LaGrange City Council will not put more money into nearly-complete Plant Vogtle project

Published 10:00 am Saturday, July 30, 2022

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The LaGrange City Council elected to cost-freeze—or not to pay additional funds— as it relates to the construction of plant units 3 and 4 of Vogtle Electric Generating Plant in Waynesboro, in which LaGrange has stakes in. 

After consultation with city staff concerning the potential benefits and costs associated with the tender option, council deemed it in the best interests of the city to not contribute past its promised $478.6 million contribution toward the $19 billion project. 

The primary reason, explained City Utilities Director Patrick Bowie, is that plant 3’s direct construction is approximately 99% complete and the total project is approximately 96% complete. Unit 3 is set to be operational either in the fourth quarter of 2022 or the first quarter of 2023. Unit 4 is projected to be complete in either the third or fourth quarter of 2023.

“There’s really not a lot of construction risk anymore,” Bowie said. 

The Vogtle Electric Generating Plant is jointly owned by Georgia Power (45.7%), Oglethorpe Power Corporation (30%), Municipal Electric Authority of Georgia [MEAG] (22.7%) and Dalton Utilities (1.6%). LaGrange, along with 48 other Georgia cities, are members of MEAG. LaGrange has entitlement shares through power sales contracts with MEAG, making LaGrange entitled to a certain amount of power.

In 2018, with costs for the plant’s construction increasing significantly, Georgia Power, Oglethorpe and MEAG came to an agreement to continue the construction despite the delays.

That year, to pay for its portion of the $19 billion cost for construction of plants 3 and 4, LaGrange sold 22.6 watts of that to the Jacksonville Electric Authority and Power South in Alabama [Project J&P] for two-thirds of the cost. The agreement is for 20 years.

“They’re going to pay the costs of that service off those units for 20 years, and at the end of 20 years, we’ll get that power to use for our customers,” Bowie said. “We didn’t need it all right away.”

LaGrange owns 30.7 megawatts out of 2,220 of power energy units in Plants 3 and 4. The Municipal Electric Authority of Georgia [MEAG] — which LaGrange, Hogansville and West Point are all part of — purchased a total of 22.7 percent of the project. Thus, LaGrange essentially owns 1.3% of Plant Vogtle.

LaGrange also received $51.2 million from a Toshiba Parent Guarantee, as well as DOE loan, Build America Bonds from the 2008 recession and future production tax credits, which will provide the city with energy tax credits when the plants are up and running, Bowie said.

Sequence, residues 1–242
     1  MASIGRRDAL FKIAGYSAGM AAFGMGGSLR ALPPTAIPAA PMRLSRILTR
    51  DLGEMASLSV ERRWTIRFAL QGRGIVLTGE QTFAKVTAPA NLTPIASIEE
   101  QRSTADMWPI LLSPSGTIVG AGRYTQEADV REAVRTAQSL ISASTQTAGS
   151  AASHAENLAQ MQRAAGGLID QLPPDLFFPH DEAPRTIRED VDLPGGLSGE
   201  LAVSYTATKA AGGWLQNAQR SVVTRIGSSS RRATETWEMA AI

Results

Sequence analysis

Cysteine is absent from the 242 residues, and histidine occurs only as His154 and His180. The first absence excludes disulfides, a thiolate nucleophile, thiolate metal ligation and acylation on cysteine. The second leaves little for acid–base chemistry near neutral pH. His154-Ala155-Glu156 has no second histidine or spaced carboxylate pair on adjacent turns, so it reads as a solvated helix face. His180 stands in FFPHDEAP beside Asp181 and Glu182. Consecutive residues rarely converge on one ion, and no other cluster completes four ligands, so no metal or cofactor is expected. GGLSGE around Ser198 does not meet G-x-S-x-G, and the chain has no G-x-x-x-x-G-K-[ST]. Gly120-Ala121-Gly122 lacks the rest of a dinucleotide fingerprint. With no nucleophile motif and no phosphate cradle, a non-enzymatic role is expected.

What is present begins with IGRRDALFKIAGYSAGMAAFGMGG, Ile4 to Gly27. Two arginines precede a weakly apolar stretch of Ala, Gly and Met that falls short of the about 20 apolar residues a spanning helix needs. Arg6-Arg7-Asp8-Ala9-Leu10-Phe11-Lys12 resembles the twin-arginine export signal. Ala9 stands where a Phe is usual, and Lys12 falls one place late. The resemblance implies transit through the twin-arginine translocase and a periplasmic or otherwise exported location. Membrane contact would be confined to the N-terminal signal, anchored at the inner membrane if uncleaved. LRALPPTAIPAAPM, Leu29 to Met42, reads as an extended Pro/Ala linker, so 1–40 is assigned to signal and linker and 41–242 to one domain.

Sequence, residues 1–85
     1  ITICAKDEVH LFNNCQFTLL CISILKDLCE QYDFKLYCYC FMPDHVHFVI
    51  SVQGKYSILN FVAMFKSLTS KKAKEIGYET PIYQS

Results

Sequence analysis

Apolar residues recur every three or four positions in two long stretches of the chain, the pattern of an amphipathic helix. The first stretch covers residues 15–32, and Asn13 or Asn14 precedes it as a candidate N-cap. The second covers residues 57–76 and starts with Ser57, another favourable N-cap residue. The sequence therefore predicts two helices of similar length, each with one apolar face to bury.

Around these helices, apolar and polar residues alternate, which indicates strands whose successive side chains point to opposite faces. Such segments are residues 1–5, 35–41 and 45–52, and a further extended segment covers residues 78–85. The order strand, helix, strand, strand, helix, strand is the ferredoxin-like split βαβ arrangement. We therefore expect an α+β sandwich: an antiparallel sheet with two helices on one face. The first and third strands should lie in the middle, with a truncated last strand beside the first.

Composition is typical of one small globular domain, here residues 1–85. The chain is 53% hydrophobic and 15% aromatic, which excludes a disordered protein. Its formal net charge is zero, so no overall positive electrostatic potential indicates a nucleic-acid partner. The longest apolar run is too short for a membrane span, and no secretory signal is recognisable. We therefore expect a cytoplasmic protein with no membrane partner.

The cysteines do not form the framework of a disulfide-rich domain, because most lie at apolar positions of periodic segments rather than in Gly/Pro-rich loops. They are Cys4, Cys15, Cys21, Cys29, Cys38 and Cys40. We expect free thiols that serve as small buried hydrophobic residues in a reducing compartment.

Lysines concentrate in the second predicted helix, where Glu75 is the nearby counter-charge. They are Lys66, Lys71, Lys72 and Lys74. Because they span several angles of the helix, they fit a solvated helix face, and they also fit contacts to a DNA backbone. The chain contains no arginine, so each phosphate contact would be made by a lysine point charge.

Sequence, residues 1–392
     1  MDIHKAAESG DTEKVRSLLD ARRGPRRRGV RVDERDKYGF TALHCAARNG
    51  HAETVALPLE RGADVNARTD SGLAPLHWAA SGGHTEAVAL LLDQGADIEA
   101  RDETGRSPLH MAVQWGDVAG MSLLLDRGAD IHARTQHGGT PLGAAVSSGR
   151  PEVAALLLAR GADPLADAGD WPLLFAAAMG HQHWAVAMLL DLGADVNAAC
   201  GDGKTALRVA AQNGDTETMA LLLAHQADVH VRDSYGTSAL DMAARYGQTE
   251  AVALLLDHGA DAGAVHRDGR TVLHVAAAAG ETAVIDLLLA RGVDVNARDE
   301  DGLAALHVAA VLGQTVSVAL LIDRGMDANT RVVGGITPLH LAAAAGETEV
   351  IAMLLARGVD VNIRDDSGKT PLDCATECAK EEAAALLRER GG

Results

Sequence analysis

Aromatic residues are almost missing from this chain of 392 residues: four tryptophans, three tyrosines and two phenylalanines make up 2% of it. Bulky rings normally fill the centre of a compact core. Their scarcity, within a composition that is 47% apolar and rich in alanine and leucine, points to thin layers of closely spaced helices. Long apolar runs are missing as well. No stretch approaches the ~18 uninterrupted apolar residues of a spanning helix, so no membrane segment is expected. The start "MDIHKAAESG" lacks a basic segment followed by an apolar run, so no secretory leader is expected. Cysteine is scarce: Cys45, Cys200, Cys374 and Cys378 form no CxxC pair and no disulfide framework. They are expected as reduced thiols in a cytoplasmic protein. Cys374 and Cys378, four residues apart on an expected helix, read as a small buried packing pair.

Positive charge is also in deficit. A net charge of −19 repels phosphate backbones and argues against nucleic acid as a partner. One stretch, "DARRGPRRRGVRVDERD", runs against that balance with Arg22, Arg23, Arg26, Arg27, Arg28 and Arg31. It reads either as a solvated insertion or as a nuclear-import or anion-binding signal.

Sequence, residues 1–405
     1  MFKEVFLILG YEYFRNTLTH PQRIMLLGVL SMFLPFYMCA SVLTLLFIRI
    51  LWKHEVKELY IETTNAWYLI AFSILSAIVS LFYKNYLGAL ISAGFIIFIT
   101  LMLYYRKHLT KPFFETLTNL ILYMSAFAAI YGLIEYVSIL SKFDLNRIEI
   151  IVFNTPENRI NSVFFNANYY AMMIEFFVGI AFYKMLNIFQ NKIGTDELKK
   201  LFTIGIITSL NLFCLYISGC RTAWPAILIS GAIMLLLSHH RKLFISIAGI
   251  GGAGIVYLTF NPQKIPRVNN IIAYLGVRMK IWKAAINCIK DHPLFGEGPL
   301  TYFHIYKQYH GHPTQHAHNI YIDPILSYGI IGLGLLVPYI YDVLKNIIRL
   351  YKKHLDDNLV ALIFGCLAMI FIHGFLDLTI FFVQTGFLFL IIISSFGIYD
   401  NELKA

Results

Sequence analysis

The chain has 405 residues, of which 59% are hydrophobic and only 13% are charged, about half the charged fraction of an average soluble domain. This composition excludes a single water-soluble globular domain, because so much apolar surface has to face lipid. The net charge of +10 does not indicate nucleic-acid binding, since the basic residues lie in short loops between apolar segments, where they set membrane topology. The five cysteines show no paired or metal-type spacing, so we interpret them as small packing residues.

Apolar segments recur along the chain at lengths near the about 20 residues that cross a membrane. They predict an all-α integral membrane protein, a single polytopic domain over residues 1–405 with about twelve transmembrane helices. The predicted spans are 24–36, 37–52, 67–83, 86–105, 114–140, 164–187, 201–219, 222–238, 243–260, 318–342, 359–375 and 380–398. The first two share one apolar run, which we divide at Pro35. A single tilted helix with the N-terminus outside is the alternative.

The construction costs have doubled from the $3.2 billion original estimate for the construction of units 3 and 4, explained Bowie. LaGrange was to contribute its $478.6 million, MEAG $7.8 billion and Project J & P $235 million. The cost of the power from the plant has gone up about 12% to 15 %, Bowie said. 

The agreement between the three entities stated if total sharable project costs increased by $2.1 billion from the time the agreement was executed, MEAG and Oglethorpe had a one-time option to cap their capital investment in the project. According to a statement on Oglethorpe’s website concerning the project, the total project budget has increased five times since September 2018, totaling an increase of $3.4 billion since the co-owners jointly negotiated the new cost-sharing agreement. This means Georgia Power would have 100% of the remaining costs in exchange for a pro-rata share of capacity. 

In June, MEAG and Oglethorpe filed a lawsuit against Georgia Power in connection with a disagreement regarding an increase in Georgia Power’s construction cost responsibility for plants 3 and 4.

According to a press release from MEAG on the settlement, MEAG, Oglethorp and Georgia Power disagreed about the starting dollar amount for the determination of cost increases subject to the increased GPC cost responsibility and tender provisions under the ownership arrangements and the extent to which COVID-19-related costs impact the calculation.

According to the press release, MEAG has not made a decision whether to tender a portion of its ownership interest. Oglethorpe has already elected to pursue the cost-freeze but has much different economics than MEAG, Bowie said. 

The lawsuite will not affect the ongoing construction, testing and completion of units 3 and 4, according to MEAG.

Bowie said LaGrange will not lose any of the 1.3% it owns of Plant Vogle and due to the agreement will not face the blunt of the project’s rising costs. 

Bowie said MEAG predicts the $2.1 billion cap will be reached in August, approximately six months before the construction of unit 3 is complete.  

“You can actually see liquid fuel coming into the site now,” Bowie said. “Hopefully by August [the fuel] will be loaded up into the unit itself.”

Another reason the city agreed to the cost-freeze is the current rise in fuel prices. 

Several participants have already indicated they do not intend to pursue adding more funding to the project, but all participants have to agree to the cost-freeze to make it final, Bowie said. 

Plant Vogtle units 1 and 2 have been online since the mid-1980s and consist of 495.6 megawatts. Units 3 and 4 will consist of 500.3 megawatts. A megawatt is equivalent to 1,000 kilowatts. Bowie said LaGrange has 110 megawatts throughout the entire city. 

The life of the units are expected to succeed 40 years, Bowie said.

“It’s the only nuclear plant that’s been built in 30 years, so it’s been quite a challenge,” Bowie said. “But we feel really good what it’s going to do long-term for the community.”